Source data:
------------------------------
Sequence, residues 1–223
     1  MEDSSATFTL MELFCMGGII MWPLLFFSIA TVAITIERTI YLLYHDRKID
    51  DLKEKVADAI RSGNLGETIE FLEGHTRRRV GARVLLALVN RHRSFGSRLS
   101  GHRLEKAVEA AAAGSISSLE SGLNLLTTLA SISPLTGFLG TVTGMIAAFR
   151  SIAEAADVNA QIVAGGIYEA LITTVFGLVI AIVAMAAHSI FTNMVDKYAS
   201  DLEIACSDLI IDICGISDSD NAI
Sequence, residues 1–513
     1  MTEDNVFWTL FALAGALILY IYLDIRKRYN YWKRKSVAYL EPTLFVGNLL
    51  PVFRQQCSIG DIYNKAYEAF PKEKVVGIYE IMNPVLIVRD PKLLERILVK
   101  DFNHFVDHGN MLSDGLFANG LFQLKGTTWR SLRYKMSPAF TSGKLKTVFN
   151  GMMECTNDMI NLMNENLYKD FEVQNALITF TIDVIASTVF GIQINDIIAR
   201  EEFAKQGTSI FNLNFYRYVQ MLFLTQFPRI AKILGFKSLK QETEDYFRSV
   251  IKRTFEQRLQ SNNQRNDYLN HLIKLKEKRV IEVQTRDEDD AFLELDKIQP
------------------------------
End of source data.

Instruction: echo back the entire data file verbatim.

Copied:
Sequence, residues 1–223
     1  MEDSSATFTL MELFCMGGII MWPLLFFSIA TVAITIERTI YLLYHDRKID
    51  DLKEKVADAI RSGNLGETIE FLEGHTRRRV GARVLLALVN RHRSFGSRLS
   101  GHRLEKAVEA AAAGSISSLE SGLNLLTTLA SISPLTGFLG TVTGMIAAFR
   151  SIAEAADVNA QIVAGGIYEA LITTVFGLVI AIVAMAAHSI FTNMVDKYAS
   201  DLEIACSDLI IDICGISDSD NAI
Sequence, residues 1–513
     1  MTEDNVFWTL FALAGALILY IYLDIRKRYN YWKRKSVAYL EPTLFVGNLL
    51  PVFRQQCSIG DIYNKAYEAF PKEKVVGIYE IMNPVLIVRD PKLLERILVK
   101  DFNHFVDHGN MLSDGLFANG LFQLKGTTWR SLRYKMSPAF TSGKLKTVFN
   151  GMMECTNDMI NLMNENLYKD FEVQNALITF TIDVIASTVF GIQINDIIAR
   201  EEFAKQGTSI FNLNFYRYVQ MLFLTQFPRI AKILGFKSLK QETEDYFRSV
   251  IKRTFEQRLQ SNNQRNDYLN HLIKLKEKRV IEVQTRDEDD AFLELDKIQP